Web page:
If you work for a newspaper that has written critically about HB 2 and get an email from someone calling himself Dick Nibblerh, you can probably guess where it’s headed: “I’m confused by the backlash against the ‘bathroom law.’ If you have gender reassignment surgery, you can have your birth certificate changed to reflect your new gender. So the law only affects cross-dressing freaks like Bruce Jenner, who chooses to have tits and a dick. Why hasn’t he had the surgery, does he like to tit-fuck himself?”
We don’t know, Dick, but we’re gonna guess not.
Cecil has a more constructive idea for those, like him, “who do not want our wives and daughters at risk”: “The transgender community can use single-room bathrooms that one person can lock behind, that have one access point. You see them in numerous places now, in malls, different stores, movie houses, etc. A law should be put on the books that requires businesses to install single-person restroom facilities, and that removes any discrimination. … For all the singers and bands that have left and did not play in North Carolina, I think they are very smallminded.”
William Moose takes issue with our May 11 story about parking shortages in downtown Durham: “The underlying assumption that plenty of parking should be easily available to all who wish to park downtown is deeply flawed, and the criticism of charging for parking is misdirected. Most large and thriving cities don’t come close to meeting the demand for parking, and many have stopped trying to meet this demand with good reason. After all, what results from endless free and/or cheap parking? Quite simply more driving, more traffic, and more car-oriented development, all of which bring consequently negative social, health, and environmental impacts.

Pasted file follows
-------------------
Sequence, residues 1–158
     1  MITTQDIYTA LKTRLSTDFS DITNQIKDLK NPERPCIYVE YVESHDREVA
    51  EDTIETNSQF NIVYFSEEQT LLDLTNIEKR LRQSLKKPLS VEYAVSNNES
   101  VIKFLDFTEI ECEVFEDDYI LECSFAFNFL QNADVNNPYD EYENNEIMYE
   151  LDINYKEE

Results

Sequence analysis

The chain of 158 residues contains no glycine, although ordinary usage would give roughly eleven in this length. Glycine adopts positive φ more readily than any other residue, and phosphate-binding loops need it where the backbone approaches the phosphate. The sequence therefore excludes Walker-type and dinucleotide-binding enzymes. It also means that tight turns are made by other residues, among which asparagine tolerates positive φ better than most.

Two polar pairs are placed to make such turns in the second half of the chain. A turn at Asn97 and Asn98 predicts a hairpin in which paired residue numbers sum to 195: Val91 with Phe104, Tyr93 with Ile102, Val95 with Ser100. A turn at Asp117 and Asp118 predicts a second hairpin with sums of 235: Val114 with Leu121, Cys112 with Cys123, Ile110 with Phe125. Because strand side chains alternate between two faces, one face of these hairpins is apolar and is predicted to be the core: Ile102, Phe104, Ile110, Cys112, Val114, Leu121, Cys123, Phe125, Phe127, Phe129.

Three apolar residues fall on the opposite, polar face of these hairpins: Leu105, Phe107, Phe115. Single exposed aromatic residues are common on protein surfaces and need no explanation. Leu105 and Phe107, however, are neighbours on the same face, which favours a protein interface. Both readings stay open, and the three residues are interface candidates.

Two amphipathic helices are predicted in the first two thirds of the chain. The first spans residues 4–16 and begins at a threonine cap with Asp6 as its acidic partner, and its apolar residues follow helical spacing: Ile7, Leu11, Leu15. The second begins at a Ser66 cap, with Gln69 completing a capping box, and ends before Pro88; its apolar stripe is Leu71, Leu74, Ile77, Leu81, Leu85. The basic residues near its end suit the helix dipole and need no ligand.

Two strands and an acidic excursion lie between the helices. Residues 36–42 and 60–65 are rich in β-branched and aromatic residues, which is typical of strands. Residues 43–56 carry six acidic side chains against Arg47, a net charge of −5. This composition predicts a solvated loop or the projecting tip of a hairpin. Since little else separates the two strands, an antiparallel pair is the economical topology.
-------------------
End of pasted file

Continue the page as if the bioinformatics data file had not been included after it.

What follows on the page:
“… Finally, I think the situation highlighted in the article in which the city is choosing between prioritizing affordable housing and parking is frankly tragic. One issue is about the right to be able to easily leave a car for a few hours in the city and the other is about the right to have a decent affordable place to live in the city. Which feels more dire or critical to you?”
Finally, Elizabeth H. wants to “grouse a bit about your piece on the Outer Banks,” which appeared in last week’s Summer Guide. “Though I respect the fact that the author wants to take his dogs everywhere he goes, it seems to me that is likely the minority opinion among vacationersno offense to his pets.”
His pets are, in fact, offended. But go on. “It feels a little unfair to judge the selection of restaurants based on whether one can take their dog there. I personally do not want to have to eat with a slobbering dog nearby. I would guess there are more than a few vacationers who share that opinion. Similarly, I don’t want someone’s unleashed dog approaching me on the beach, disrupting my vacation, nor do I want to worry about pet waste on the beach. … I am wondering which vacation spots the author would recommend as adequately dog-friendly utopias where dogs can wander and frolic leashless, where most restaurants enthusiastically encourage dogs to take their place among diners? I want to know, because that is likely a place I want to avoid when planning my next vacation.”